and the design only calls for .5 C.  requires many hundred tons of 
relatively rare atoms ( i.e. Li, He, Be,) Or a better Fusion pathway that 
uses Hydrogen.  

Tech Limitations:  a "Fuel Launcher" (whatever that is) capable of 
keeping a tight beam of fusion fuel pellets (or gas) on course for .5 to 
1 Light-years.  Must be re-built in target sytem. Must be automated.

2) the MARS: (SOL > {maser sail} > mid-way point > {Lineac drive} > TC)
                                               Build maser array
             (SOL < {maser sail} < mid-way point < { Maser Sail } < TC)

Pros: Allows for continuous thrust. a Faster trip. uses no RM to return.
maser sail needed for return is easier to repair than fuel launcher.
ship will be much lighter during return trip.  No Rad load from engine
some military applications

Cons: (inherent in the design)
Gulps and gobbles energy.  Has high heat load.  The maser array will be 
much harder to build than a fuel laucher.  Due to higher speeds, more 
shielding will be needed (esp on return trip)

Tech limitations:  a "maser array" (whatever that is) capable of keeping 
a tight beam of microwaves on course for 12 light-years.  Must be re-built 
in target system.  Must be automated.  (N.B. the return maser array can 
be smaller / only aim to 6 light-years beacuse the Sol transmitter 
provides braking force allowing ship to dispense with all RM tanks and 
lineac core)
Requires self-reproducing robots.  Capable of making solar panels.

3) Anti-matter.
Excellent energy storage.  May allow 1 G thrust missions.  has military 

Cons. (inherent in the design) 
Excellent energy storage.  May explode.  Has high Rad load.

Tech limitations: Manufacturing and storage of anit-matter is 
still counted in atoms.  

Okay, did I miss anything?

Here's my suggestion: since each design has some technical limitation on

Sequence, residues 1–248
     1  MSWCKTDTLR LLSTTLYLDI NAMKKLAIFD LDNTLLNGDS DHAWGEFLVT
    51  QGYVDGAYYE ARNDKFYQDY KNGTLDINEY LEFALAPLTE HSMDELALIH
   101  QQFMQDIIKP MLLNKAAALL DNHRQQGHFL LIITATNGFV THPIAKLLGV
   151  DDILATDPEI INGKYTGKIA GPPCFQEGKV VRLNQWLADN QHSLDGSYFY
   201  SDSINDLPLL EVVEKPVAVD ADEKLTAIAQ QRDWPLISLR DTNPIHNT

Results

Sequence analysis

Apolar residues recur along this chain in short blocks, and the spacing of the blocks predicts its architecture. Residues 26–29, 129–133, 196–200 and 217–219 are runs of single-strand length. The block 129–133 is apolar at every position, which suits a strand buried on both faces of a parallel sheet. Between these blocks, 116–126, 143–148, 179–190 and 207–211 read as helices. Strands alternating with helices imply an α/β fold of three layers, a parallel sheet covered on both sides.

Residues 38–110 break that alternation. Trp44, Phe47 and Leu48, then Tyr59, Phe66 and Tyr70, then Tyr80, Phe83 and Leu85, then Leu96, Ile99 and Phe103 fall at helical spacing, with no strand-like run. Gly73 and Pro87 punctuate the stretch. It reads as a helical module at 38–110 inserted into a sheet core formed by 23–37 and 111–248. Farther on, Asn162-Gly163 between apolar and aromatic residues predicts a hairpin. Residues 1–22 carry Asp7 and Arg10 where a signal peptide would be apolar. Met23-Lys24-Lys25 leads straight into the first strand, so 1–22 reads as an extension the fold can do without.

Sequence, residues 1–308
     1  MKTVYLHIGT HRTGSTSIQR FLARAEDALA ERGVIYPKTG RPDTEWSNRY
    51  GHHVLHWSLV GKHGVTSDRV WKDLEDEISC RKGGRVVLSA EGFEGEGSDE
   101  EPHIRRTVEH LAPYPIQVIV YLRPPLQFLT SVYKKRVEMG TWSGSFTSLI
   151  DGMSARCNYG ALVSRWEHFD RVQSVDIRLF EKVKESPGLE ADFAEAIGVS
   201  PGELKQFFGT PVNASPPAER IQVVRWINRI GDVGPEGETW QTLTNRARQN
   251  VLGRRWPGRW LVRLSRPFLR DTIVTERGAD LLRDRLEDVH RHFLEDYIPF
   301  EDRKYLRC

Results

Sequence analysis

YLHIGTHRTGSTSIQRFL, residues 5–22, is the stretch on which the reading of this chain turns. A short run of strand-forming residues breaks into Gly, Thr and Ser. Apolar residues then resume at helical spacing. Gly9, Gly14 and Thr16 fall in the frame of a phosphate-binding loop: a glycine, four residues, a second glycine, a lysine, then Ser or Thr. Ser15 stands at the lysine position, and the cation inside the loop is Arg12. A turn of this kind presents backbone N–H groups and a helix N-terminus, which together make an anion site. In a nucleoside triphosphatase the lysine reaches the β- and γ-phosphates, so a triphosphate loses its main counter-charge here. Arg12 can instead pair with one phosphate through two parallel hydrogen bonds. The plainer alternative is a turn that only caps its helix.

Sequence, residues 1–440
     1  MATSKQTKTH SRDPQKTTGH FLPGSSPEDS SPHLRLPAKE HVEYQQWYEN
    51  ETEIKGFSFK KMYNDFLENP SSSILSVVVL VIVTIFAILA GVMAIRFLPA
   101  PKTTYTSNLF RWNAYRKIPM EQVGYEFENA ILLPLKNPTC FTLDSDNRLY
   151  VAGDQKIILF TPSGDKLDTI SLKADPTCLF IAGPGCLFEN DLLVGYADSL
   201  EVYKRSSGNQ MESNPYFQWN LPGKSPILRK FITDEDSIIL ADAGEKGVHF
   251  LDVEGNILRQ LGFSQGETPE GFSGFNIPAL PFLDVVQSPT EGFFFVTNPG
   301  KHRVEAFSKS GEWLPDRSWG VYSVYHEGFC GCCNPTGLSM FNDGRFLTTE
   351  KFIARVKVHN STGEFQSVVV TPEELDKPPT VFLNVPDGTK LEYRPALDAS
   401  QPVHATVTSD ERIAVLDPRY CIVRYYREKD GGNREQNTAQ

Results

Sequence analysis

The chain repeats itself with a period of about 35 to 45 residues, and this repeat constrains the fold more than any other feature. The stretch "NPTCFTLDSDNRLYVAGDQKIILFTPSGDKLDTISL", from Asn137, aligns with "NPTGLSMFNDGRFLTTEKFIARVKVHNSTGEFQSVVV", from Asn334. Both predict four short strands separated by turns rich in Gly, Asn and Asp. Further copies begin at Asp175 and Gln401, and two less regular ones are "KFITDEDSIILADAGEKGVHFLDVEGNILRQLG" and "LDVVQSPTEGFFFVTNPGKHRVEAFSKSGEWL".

it, let's assume we can solve that problem.

Kelly gets a fuel launcher, he only has to tell us how far/fast/much it 
needs to shoot in order to provide the thrust to his rocket.  he does not 
need to prove it works, or justify it's abilities as reasonable.  
provided the energy costs etc are accounted for.

Kelly also gets to use the fusion cycle and reactor of his choice 

Kevin gets a maser array capable of aiming +/- 1000 Km / 12 L.Y.
      (really, could be anything, but I think this is reasonable)
Kevin also gets self-reproducing robots until he can figure out how to do 
without them.  Reproduction rate/intelligence level will be discussed later.

Tim gets the ability to manufacture and store whatever amount of 
anti-matter is required.  If anti-matter is manufactured in target 
system, 50% effeiciency is assumed  (make 1 Kg matter for every Kg 
Antimatter)  E=mC^2.  

These items then become the minimum tech basis for our designs.  They 
cannot be built until these problems are solved.  Since we cannot 
possibly solve these particular problems here in this forum, let's just 
assume them for now, and see where this takes us.  I will start working 
on a MARS addition to my home page. Let's try to refine the design of 
each of these propulsion systems.

Kevin Houston
Fuck the CDA